FAQs Regarding Dry Socket

Many of us have had a tooth pulled before by our dentist or oral surgeon; whether it was a tooth that couldn’t be saved or your wisdom teeth. While getting a tooth pulled isn’t the most enjoyable experience, it’s important to understand the risks that could evolve during the recovery. When pain becomes intense and isn’t relieved a few days after surgery, there’s the possibility that it could be a symptom of dry socket.

Dry Socket, also known as Alveolar Osteitis, is the inflammation of the alveolar bone and usually occurs where the blood clot fails to form or gets lost in the socket. While the percentage of those who develop dry socket is rare—about 2%-5% of people—it’s rather important to know why it happens and to determine if you may be more prone to it.

Someone who doesn’t have dry socket would see a dark blood clot near the area where the tooth was pulled. An area that might have dry socket wouldn’t be dark, but rather just whitish bone.

Some of the most common symptoms for Dry Socket are:

-Aching and throbbing pain in the area of the socket

-Pain near the ear, eye, temple and neck

-Bad Breath

-Bad Taste in the mouth

 

You’re more likely to get dry socket if the one of the following applies to you:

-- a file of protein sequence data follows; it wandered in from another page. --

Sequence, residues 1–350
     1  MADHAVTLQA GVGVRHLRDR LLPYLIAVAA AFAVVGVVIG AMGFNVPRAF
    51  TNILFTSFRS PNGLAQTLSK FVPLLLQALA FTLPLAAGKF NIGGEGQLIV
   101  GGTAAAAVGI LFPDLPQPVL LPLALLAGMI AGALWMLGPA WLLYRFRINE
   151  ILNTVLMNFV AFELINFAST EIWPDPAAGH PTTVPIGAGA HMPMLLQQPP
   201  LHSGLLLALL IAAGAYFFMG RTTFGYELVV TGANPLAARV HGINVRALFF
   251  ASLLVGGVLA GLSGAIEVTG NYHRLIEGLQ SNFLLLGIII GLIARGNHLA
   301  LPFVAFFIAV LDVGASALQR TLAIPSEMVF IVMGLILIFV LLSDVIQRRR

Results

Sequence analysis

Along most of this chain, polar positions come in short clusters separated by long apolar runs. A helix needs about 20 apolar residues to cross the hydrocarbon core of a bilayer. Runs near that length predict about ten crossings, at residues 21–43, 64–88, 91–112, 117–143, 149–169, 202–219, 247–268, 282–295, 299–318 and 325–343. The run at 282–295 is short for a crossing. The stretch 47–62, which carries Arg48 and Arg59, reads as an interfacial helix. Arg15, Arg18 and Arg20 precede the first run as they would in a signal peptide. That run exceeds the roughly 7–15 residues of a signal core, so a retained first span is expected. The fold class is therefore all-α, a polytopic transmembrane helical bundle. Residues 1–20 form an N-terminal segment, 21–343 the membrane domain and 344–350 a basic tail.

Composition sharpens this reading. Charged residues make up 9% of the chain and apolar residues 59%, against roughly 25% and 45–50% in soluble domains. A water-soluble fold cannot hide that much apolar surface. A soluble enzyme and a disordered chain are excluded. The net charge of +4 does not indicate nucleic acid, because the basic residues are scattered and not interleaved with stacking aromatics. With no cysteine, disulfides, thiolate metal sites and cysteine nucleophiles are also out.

-Smokers

-Have a pre-existing infection in the mouth

-Practicing poor oral hygiene

-Those who have gotten Wisdom Teeth pulled

-If you have a greater-than-usual trauma during the extraction surgery

-If you use Birth Control pills

-Have a history of dry socket after having teeth pulled

 

After learning the harmful symptoms of dry socket, it is no surprise that you may want to take any precautions to avoid it. Dr. Hill suggests the following post-operative instructions:

-Take recommended medications

-Avoid hot fluids for 1-2 days after oral surgery

-Drink cold fluids, as they facilitate with formation and prevent disintegration of the socket

-Avoid smoking!

-Do not drink through a straw, the pressure leads to an increased chance of clot instability.

 

While dry socket can be painfully unpleasant, it is easily treatable. Treatment usually includes a combination of cleaning and packing the infected area. Some patients may also need antibiotics for the socket as a preventative measure. The pain should then decrease about 4-5 days after and is typically healed in less than two weeks. If you believe you have developed dry socket from your tooth extraction, contact our office for specific treatment details.

 

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